The fear of a repeat of what Europeans had seen in these wars continued to haunt people. It is important in this context to ­appreciate that the movement for European unification began as a crusade for political unity, rather than for an economic union – not to mention a financial unification, or a common currency. None of the follies that make the economics of the European Union so problematic arose from that vision. The remedies that are needed (on which I have written elsewhere: see “What happened to Europe?”, the New Republic, 2 August 2012) would need policy changes and institutional reforms, but not any rejection of the idea behind a united Europe.

The birth of the European ­federalist movement was motivated strongly by the desire for political unity, free from self-destructive wars, as can be seen in the arguments presented in the Ventotene Declaration of 1941 and the Milan Declaration of 1943. There was, of course, no hostility to economic integration (and its merits were understood), but the priority was not on banking and currency, nor even on trade and exchange, but on peace and goodwill and a gradually evolving political and social integration. That political unification has fallen way behind the ill-thought-out financial moves is a sad fact. The EU’s policy priorities need to be scrutinised and reworked – a process to which Britain can contribute, and from which it can benefit along with other Europeans.

***

No wars, of course, will result from Brexit, yet that does not mean that the sense of rejection and distancing will have no adverse impact on the way Europeans see each other. That the dislike of having other Europeans settling in Britain is a major reason given in favour of Brexit – playing up the fear of “our” jobs, “our” economic opportunities being taken by “them” – makes this human distancing even more poignant. It is hard not to miss the recognition that this fear, exaggerated by dubious use of numbers, has been fanned politically by the enthusiasts for Brexit. And that adds to the intensification of relational adversity. Being “sequestered in hate” is a bit of a nightmare in its own right, even without the open violence which followed that terrible nightmare, shortly after Auden wrote his poem.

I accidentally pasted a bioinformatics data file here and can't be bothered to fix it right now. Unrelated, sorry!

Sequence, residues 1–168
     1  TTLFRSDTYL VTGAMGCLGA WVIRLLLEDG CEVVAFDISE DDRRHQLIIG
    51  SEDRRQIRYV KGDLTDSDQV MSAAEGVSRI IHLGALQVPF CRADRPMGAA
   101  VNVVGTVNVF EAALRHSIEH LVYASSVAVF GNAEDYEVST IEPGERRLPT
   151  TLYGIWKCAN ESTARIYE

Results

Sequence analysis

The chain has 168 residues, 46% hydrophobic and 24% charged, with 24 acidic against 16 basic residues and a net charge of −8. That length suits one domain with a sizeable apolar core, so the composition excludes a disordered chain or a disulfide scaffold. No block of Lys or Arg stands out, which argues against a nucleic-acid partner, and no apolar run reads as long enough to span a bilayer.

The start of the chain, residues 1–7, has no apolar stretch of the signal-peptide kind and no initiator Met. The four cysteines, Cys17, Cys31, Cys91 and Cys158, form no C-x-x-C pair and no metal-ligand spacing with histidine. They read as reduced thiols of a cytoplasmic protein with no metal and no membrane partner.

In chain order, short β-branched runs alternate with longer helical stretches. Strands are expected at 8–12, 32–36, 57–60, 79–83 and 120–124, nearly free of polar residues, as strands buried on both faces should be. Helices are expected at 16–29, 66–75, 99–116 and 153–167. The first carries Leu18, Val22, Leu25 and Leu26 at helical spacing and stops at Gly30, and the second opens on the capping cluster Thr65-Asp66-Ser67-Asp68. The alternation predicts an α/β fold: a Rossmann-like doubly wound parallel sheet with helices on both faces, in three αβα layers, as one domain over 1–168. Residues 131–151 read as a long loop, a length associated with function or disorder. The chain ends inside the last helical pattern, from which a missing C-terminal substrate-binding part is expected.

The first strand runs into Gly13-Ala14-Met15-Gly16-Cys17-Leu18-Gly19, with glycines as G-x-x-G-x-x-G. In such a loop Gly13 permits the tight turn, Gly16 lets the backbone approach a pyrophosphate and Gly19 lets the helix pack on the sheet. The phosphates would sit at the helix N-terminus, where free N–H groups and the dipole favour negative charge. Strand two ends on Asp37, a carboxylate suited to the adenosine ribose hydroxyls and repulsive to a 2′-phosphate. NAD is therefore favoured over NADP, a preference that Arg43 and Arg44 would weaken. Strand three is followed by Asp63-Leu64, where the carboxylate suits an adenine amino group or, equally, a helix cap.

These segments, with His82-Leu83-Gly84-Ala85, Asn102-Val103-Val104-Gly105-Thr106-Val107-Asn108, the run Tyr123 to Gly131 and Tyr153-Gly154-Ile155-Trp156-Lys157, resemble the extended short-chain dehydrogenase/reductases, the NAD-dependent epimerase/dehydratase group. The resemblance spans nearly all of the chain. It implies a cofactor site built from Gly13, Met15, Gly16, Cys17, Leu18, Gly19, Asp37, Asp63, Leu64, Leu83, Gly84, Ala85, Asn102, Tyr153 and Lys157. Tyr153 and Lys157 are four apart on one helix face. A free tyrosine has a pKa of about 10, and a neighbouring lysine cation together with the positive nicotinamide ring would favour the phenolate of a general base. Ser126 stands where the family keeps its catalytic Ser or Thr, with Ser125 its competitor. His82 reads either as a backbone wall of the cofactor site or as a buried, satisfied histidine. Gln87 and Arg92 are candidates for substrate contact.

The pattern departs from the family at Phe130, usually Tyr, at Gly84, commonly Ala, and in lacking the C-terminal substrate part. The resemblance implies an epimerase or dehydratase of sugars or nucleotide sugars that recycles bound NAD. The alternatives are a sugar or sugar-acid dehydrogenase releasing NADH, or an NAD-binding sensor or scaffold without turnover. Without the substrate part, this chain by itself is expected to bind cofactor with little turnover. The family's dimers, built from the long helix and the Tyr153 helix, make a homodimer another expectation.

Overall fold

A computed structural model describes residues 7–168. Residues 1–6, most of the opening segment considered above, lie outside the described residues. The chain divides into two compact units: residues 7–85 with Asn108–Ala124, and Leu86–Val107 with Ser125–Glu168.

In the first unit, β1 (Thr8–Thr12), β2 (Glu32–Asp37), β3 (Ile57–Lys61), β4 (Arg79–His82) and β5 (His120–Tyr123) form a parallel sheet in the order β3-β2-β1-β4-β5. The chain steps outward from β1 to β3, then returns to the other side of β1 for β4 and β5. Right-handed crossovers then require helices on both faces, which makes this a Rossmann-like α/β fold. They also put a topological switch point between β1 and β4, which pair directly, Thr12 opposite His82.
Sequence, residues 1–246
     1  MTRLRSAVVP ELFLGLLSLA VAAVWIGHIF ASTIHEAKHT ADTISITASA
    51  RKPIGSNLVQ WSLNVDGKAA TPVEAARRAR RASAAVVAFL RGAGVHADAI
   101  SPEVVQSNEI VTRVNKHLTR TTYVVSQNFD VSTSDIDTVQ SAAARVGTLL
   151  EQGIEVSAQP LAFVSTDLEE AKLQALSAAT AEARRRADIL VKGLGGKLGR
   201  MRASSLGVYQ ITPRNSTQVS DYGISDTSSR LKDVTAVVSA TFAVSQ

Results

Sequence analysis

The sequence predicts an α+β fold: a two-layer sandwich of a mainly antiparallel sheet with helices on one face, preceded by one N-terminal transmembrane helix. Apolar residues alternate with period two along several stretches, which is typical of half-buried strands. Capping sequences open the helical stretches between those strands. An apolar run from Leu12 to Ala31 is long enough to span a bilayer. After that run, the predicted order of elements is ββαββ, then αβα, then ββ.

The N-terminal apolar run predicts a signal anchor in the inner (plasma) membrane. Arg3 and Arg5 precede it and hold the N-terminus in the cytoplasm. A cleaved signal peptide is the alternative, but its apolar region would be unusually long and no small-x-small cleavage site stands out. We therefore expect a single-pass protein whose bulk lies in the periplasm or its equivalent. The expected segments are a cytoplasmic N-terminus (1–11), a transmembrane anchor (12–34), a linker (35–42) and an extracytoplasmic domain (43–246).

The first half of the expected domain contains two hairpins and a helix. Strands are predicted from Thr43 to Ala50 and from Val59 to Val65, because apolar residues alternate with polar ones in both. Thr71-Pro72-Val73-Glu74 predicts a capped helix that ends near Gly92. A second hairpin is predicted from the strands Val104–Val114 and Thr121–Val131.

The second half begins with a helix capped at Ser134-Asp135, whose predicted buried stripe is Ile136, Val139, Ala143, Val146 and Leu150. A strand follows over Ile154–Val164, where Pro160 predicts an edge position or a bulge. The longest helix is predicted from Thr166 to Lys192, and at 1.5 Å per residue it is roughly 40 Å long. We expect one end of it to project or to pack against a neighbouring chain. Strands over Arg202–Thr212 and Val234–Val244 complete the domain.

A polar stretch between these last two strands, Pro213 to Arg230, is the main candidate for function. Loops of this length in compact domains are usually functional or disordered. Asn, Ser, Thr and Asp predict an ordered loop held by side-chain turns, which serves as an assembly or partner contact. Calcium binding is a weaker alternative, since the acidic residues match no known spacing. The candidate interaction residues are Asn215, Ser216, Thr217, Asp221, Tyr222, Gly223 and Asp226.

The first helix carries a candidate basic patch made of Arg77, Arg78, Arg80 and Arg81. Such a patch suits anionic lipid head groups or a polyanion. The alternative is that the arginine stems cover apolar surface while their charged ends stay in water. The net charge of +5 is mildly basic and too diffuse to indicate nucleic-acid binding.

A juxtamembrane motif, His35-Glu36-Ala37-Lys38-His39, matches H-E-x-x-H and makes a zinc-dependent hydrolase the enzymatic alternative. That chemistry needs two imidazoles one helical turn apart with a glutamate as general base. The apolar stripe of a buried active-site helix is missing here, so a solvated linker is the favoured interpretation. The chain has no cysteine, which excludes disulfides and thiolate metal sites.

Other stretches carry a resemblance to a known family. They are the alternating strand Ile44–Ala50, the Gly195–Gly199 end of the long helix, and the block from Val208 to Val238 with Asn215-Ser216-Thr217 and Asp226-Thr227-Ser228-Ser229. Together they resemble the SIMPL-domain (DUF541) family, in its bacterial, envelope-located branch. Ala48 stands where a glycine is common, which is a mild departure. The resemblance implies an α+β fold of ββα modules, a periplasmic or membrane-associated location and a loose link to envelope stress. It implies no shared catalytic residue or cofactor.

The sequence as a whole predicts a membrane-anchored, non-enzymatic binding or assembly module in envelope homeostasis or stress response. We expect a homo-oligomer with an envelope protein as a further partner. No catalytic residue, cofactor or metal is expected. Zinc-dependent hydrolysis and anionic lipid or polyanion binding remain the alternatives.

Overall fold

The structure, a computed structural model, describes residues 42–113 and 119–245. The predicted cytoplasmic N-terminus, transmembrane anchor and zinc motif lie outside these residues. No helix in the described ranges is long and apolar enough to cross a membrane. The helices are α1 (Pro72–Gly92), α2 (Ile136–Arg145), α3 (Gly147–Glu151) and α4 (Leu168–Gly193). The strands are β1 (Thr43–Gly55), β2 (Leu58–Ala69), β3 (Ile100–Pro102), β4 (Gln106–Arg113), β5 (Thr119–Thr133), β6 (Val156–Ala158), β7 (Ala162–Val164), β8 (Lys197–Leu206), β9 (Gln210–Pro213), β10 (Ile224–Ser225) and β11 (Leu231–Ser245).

The EU did not create the idea of ­Europe, just as the idea of India was not a ­product of the nationalist movement (even though an otherwise brilliant European, Winston Churchill, failed to see any more unity in India than could be found around the Equator). The message of Brexit would have huge implications, given where the world is at this time. The Polish philosopher Leszek Koakowski has rightly asked, “If we would like the EU to be more than just a place for money temples of banks and the stock exchange, but also a place where material welfare is surrounded by art and is used to help the poor, if we want freedom of speech, which can be so easily misused to propagate lies and evil, as well as be used for inspiring works – then what is to be done?” When, at the end of the Second World War and after the defeat of Nazi Germany, Britain established its National Health Service and laid the foundations of a welfare state, it was inspired not merely by ideas originating in this country, but by thoughts that had sprung up across Europe, including the ideas of Kant and Marx and even Bismarck, in the country just defeated. There was no conflict between innovative British ideas and broader European thinking, nor between British and European identities (there is no reason for us to be incarcerated in one identity – one affiliation – per head).

The proposal of Brexit is born out of panic, and it is as important to see that the reasoning behind the panic is hasty and weak as it is to recognise that wisdom is rarely born of fright. In his Nexus Lecture, called “The Idea of Europe”, given a dozen years ago, George Steiner wondered about the prospects for Europe playing a leadership role in the pursuit of humanism in the world. He argued: “If it can purge itself of its own dark heritage, by confronting that heritage unflinchingly, the Europe of Montaigne and Erasmus, of Voltaire and Immanuel Kant may, once again, give guidance.” Brexit would certainly be a bad economic move, but the threat that it carries is very much larger than that.

Amartya Sen is Professor of Economics and Philosophy at Harvard and won the 1998 Nobel Prize in Economics.

This article first appeared in the 09 June 2016 issue of the New Statesman, A special issue on Britain in Europe